But the consequences of the election also extend far out into the Pacific.
Officials from U.S. island territories and freely associated states have a stake in the election, because they rely on Hawaii’s congressional delegation to help ensure that their voices are heard.
“In the case of the island programs… territories face a fundamental disadvantage because they don’t have a vote,” said Allen Stayman, a senior staff member of the U.S. Senate Committee on Energy and Natural Resources, who spoke at the University of Hawaii on Friday about congressional issues confronting U.S.-affiliated Pacific islands.
Rep. Madeleine Bordallo from Guam, along with Rep. Gregorio Sablan from the Northern Mariana Islands, supports Hirono for the U.S. Senate seat. As Democrats, both have worked with her in the House.
But given the complex political history between the U.S. and its affiliated islands, losing Akaka means losing an important advocate for this often-overlooked region.
Bordallo is one of several non-voting delegates representing U.S. territories in the House of Representatives.
Because they don’t have a vote, delegates from the Guam, American Samoa, and the Northern Mariana Islands rely on voting members of the House and Senate to move their initiatives forward.
The governments of freely associated states, which include Palau, the Marshall Islands and the Federated States of Micronesia, don’t have delegates and instead depend on ambassadors and lobbyists.
“When the door closes and the horse trading begins, having a vote is important,” Stayman said.
Both Akaka and Sen. Daniel K. Inouye have served as advocates on Pacific island-related issues. As a former member of the Senate Committee on Energy and Natural Resources, Akaka had influence on many bills sent to the committee that affected the island territories and nations.
Bordallo said that Akaka consistently assisted her efforts to obtain war reparations for the people of Guam. Ambassador Hersey Kyota of Palau said that the senator has always been supportive of Palau’s needs.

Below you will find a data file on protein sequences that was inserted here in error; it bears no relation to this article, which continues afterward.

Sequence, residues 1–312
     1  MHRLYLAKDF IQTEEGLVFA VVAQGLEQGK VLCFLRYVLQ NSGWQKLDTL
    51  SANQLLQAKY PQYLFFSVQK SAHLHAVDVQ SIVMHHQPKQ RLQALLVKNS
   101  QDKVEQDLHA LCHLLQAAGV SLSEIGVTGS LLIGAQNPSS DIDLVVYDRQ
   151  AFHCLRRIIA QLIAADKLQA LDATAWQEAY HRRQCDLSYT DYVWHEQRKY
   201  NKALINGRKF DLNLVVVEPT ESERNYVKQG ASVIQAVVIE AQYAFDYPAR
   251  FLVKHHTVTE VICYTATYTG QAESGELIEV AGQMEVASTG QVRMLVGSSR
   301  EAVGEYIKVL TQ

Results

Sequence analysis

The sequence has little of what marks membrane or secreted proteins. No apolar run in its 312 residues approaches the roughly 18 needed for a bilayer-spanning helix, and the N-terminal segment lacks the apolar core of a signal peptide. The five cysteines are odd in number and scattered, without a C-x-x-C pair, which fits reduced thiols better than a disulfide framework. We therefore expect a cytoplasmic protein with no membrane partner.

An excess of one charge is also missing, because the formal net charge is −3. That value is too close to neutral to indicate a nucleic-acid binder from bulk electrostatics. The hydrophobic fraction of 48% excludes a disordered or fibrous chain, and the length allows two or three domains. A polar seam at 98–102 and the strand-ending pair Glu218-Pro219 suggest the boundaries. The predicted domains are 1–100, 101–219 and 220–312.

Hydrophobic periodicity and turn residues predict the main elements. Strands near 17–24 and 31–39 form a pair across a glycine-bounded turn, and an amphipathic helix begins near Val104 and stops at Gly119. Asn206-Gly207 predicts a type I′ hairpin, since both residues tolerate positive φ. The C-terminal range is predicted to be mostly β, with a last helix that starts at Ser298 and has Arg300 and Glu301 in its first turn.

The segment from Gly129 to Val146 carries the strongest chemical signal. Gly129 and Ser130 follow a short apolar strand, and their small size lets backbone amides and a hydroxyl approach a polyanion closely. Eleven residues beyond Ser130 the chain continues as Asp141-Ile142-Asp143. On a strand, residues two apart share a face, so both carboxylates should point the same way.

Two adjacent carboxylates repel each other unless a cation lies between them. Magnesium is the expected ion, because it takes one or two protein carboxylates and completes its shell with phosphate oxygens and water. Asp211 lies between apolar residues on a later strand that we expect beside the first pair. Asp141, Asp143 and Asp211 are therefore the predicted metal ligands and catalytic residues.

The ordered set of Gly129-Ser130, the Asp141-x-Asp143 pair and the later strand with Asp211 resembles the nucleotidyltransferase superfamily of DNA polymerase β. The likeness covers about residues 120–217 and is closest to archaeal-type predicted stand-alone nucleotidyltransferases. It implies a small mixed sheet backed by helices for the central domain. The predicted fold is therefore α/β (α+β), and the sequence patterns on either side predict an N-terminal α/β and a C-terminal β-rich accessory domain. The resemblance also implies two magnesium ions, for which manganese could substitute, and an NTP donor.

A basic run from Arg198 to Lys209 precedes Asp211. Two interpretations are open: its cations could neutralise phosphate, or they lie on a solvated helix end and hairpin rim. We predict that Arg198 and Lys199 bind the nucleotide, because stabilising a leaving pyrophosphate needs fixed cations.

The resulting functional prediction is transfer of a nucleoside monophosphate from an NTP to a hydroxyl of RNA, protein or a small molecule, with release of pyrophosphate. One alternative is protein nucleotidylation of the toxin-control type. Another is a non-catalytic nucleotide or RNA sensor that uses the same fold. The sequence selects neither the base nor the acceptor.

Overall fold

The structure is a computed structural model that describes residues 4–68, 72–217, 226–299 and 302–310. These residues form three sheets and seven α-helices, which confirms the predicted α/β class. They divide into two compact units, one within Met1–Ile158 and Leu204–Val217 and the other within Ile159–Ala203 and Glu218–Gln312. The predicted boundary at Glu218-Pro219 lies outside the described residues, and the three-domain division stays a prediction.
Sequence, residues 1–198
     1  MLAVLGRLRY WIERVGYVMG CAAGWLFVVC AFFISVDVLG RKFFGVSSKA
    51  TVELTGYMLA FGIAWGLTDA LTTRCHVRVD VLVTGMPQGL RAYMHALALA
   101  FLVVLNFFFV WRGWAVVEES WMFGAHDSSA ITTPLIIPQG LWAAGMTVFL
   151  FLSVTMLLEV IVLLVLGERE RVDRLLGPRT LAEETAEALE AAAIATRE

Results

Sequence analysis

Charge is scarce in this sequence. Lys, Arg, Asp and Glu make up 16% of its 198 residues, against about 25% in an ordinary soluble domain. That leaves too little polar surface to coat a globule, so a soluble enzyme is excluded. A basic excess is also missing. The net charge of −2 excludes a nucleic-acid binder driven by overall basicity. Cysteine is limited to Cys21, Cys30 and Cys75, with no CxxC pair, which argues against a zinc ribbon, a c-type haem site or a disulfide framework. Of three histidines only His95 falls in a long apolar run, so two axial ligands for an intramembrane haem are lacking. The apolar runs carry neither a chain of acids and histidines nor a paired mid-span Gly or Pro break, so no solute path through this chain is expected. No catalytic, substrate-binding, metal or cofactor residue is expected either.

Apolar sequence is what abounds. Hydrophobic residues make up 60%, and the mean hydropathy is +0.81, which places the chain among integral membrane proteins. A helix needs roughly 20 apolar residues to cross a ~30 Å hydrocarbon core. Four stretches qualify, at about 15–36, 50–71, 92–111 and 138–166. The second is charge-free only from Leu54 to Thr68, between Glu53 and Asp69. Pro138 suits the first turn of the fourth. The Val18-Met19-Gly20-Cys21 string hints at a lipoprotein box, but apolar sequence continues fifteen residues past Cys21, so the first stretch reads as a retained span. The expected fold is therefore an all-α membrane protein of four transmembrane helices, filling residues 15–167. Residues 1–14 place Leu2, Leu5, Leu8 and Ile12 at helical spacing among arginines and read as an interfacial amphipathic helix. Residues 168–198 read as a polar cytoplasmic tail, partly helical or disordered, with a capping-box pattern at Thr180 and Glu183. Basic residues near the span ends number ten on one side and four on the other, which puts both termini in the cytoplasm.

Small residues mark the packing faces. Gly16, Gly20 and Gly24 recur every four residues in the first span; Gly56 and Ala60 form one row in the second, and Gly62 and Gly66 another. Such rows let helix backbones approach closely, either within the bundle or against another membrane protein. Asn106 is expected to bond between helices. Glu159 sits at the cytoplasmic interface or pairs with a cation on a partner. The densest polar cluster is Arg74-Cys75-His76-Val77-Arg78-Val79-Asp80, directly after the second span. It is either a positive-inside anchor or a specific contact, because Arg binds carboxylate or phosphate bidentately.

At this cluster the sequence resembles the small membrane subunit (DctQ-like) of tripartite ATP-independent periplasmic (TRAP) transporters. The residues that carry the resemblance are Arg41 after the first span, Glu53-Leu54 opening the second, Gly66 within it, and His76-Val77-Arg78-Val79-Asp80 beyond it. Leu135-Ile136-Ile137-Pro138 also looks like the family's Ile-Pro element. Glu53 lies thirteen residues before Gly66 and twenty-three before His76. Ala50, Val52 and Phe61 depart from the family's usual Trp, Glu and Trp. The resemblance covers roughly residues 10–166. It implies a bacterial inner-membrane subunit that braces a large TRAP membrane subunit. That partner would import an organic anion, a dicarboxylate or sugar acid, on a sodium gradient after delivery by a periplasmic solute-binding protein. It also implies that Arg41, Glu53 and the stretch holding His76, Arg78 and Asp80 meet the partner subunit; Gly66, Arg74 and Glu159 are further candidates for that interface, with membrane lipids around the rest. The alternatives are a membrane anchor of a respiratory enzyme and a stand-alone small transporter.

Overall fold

Akaka co-sponsored a bill to restore Medicaid eligibility to migrants from the Freely Associated States. Their eligibility was removed in 1996 with the Welfare Reform Act.
He also cosponsored a bill to approve the U.S. treaty with the Republic of Palau.
But neither bill has been passed yet, and there is still more work to be done.
That’s not to say there haven’t been moments of tension between Hawaii’s congressional delegation and their Pacific island neighbors.
Last summer, the entire Hawaii congressional delegation signed a letter asking Secretary of State Hillary Clinton and Secretary of Interior Ken Salazar to address the lack of federal funding to help support the cost of health care for migrants from Compact of Free Association states. The letter included the controversial suggestion that migration be capped.
According to Stayman, the November election has important ramifications for U.S.-affiliated islands.
“It is going to certainly have an impact [on how territorial legislation is received],” Stayman said.
Stayman said that important issues facing the territories include the minimum wage in American Samoa; the renewal of the Compact of Free Association with Palau; and the ownership of submerged lands and the status of nonresident workers in the Northern Mariana Islands.
Kyota said that he is confident that whoever is elected to replace Akaka in November will be a friend to Palau.
“I know that in the past the Hawaiian congressional delegation has been supportive of Palau and I know that whoever will be elected will continue that trend,” Kyota said.
Not surprisingly, the delegates from the Northern Mariana Islands and Guam, both Democrats, support Hirono.
“[Hirono] has co-sponsored my legislation giving the Northern Marianas ownership of submerged lands around our islands, and other bills with an island or regional aspect,” Sablan said via email. “So I will be sorry to see her leave the U.S. House of Representatives. But I look forward to having her as a good friend in the U.S. Senate.”
Bordallo said she has worked with Hirono on a number of issues, including transportation and immigration.
“Irrespective of the outcome of the 2012 election in Hawaii, it will be imperative for Guam and Hawaii to continue to work together in Congress,” Bordallo said.
For more information on U.S. territory policy in the Pacific, read “U.S. Territorial Policy: Trends and Current Challenges,” by Stayman, published by the East-West Center at the University of Hawaii.